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Judges and the law
Judges and the law

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2.2 Use of language

Use of language is extremely important in law. As a law student it is important that you use language in an accurate way. The rest of Part A of this course will therefore consider the importance of language in law.

Box 1 Use of language

By now you will have had a few opportunities to look up the meaning of words you were not sure about. Using language in an accurate way is often very important. Suppose I tell you that ‘recently an organisation produced a report that said most new houses built this century are of a bad quality’.

You might well think then that what was wrong with the houses included things like defective woodwork, broken tiles, windows that do not shut properly, and sloping floors. If it turned out that what the report was really identifying as bad were features like lack of front gardens (as double driveways were used instead), and lack of visible similarity with older properties in the same district, then you might well say: ‘That's not bad quality. If anything, it is bad design. It is the design of the houses that the report seems to be attacking, not the quality of the workmanship.’ Such a misunderstanding stems from the fact that, initially, I said to you that the report claimed houses were of ‘bad quality’.

This sort of misunderstanding that comes from using language in a careless way happens all the time. In any area where rules operate, it is essential for people to be careful about the way they use language.

I should now like you to attempt the first four activities, in which you are asked to use dictionaries. Where we introduce a specialist word or phrase, I will give you a definition of it. However, you might not be sure of the meaning of some of the other words in this course. (The same applies for asociated law courses.)

If you go into a large bookshop and head for the section called something like ‘Dictionaries and Reference’, you will discover a wide range of dictionaries. Some are general and some are specialist reference dictionaries, such as a dictionary of science.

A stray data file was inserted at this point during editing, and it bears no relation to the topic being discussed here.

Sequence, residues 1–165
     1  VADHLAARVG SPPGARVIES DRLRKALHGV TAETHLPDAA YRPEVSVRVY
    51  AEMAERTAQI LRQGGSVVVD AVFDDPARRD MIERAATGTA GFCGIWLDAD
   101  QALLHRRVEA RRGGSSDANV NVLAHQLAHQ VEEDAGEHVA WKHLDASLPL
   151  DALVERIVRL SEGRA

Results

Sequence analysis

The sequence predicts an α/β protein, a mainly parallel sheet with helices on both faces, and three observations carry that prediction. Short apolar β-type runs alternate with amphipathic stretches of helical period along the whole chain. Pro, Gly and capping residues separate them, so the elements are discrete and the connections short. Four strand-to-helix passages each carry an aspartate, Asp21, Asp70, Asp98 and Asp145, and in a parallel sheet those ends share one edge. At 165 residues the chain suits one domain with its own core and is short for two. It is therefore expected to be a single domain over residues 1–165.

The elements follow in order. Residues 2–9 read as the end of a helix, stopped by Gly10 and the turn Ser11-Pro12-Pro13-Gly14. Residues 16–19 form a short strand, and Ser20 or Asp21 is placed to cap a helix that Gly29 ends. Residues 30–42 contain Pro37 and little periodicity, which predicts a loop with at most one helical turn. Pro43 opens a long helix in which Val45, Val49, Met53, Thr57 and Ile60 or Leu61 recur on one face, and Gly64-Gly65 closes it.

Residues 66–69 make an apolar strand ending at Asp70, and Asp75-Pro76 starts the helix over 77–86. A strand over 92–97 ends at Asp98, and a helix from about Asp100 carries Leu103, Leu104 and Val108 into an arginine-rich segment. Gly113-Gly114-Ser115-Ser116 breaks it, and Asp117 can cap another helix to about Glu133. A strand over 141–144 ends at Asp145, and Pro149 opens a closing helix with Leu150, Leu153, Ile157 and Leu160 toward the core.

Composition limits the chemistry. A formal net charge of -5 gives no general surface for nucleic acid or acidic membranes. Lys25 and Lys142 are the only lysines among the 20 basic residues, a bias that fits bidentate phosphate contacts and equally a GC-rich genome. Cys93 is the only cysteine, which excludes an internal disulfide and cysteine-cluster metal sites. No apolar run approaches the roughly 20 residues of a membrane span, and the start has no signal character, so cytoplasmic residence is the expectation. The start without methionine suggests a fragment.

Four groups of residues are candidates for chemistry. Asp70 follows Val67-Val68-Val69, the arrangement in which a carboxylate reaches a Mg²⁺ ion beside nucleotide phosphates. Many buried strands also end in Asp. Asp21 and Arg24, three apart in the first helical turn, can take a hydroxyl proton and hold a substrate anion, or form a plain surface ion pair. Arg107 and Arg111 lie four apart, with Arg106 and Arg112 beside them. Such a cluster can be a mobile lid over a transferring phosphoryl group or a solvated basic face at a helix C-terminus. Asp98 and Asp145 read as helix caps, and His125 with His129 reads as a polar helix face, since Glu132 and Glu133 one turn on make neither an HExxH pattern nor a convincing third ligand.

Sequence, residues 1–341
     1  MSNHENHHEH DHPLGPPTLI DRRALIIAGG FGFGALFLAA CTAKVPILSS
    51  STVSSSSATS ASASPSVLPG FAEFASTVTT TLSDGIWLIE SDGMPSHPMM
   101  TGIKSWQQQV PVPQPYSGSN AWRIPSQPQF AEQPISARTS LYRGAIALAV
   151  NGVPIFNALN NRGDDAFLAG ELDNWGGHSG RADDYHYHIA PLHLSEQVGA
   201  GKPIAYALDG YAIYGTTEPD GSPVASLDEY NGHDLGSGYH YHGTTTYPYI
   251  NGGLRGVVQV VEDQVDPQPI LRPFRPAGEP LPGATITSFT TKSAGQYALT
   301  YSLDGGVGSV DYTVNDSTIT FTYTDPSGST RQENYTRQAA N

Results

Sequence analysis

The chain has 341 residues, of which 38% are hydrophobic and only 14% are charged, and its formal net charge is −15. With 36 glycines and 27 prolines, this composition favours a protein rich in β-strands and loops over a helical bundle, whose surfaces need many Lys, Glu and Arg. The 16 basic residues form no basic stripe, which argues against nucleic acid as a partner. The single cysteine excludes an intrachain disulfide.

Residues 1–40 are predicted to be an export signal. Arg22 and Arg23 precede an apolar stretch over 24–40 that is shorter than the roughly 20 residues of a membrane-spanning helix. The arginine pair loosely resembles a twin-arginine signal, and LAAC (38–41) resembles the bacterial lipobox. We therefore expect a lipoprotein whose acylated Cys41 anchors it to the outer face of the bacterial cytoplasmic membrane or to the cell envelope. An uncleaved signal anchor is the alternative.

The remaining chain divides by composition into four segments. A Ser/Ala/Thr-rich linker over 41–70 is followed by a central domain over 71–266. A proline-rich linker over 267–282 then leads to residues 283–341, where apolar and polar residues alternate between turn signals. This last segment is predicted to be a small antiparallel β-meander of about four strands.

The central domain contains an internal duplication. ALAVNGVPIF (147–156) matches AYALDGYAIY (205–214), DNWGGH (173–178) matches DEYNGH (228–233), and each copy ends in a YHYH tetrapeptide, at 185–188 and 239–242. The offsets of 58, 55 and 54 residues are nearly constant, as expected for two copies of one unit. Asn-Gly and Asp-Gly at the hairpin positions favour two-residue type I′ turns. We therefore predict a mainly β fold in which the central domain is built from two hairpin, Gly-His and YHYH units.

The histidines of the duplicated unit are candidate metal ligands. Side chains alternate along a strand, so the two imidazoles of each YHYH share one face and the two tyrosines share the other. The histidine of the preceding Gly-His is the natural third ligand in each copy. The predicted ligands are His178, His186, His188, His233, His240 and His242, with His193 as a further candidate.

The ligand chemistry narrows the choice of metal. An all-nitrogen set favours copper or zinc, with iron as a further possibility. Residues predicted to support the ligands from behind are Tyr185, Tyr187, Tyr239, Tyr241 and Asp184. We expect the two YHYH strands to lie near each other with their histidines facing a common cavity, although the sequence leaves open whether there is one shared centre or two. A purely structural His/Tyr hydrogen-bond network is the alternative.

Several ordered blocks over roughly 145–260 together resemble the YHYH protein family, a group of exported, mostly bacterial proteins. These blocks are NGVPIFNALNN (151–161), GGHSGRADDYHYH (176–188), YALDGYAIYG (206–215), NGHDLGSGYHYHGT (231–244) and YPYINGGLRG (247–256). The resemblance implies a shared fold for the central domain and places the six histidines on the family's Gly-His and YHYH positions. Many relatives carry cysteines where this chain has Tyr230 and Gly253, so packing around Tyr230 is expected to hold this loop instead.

You may also discover that there are a wide variety of dictionaries available online.

Activity 1 Using a dictionary

Timing: 0 hours 20 minutes

Why do you use a dictionary? Try to think of at least four occasions when you have referred to one.


My answers are probably quite similar to yours:

  1. to find the meaning of an unfamiliar word

  2. to check the meaning of a familiar word and related words

  3. to check the spelling of a word

  4. to see how to pronounce a word

  5. to see what synonyms (different words with very similar meanings) are available; sometimes a thesaurus is used for this purpose

  6. to look up a specialist word in a specialist dictionary for a much fuller description (e.g. photosynthesis).

Activity 2 Which dictionary?

Timing: 0 hours 30 minutes

Read the following passage and write down your own definitions of the three words in bold:

The earliest dictionaries were word lists inscribed on clay tablets organised like a thesaurus, in the second millennium BCE. Even after the invention of the alphabet later in the same millennium, many centuries passed before alphabetic ordering became a common tool for organising information. The need for a dictionary in which difficult English words were explained by easier English words took shape in the late sixteenth century and, by the eighteenth century, the dictionary was competing with spelling books as a quick ‘look-up’ source. Monolingual dictionaries, like the Oxford English Dictionary, list and define the words of one language. Bilingual dictionaries offer the equivalent of language A in language B. Pronouncing dictionaries arrived later in the eighteenth century, and speciality dictionaries for technical subjects or controversial usage such as slang in the nineteenth and twentieth centuries; an example of the latter is Fowler's A Dictionary of Modern English Usage.

Once you have written down your definitions, look up the three words in a general dictionary and compare your definitions with those from the dictionary.


Often the general dictionary will tell you whether the word is a verb, or a noun, or some other part of speech. Some will also give you an example of the word used in a phrase or sentence.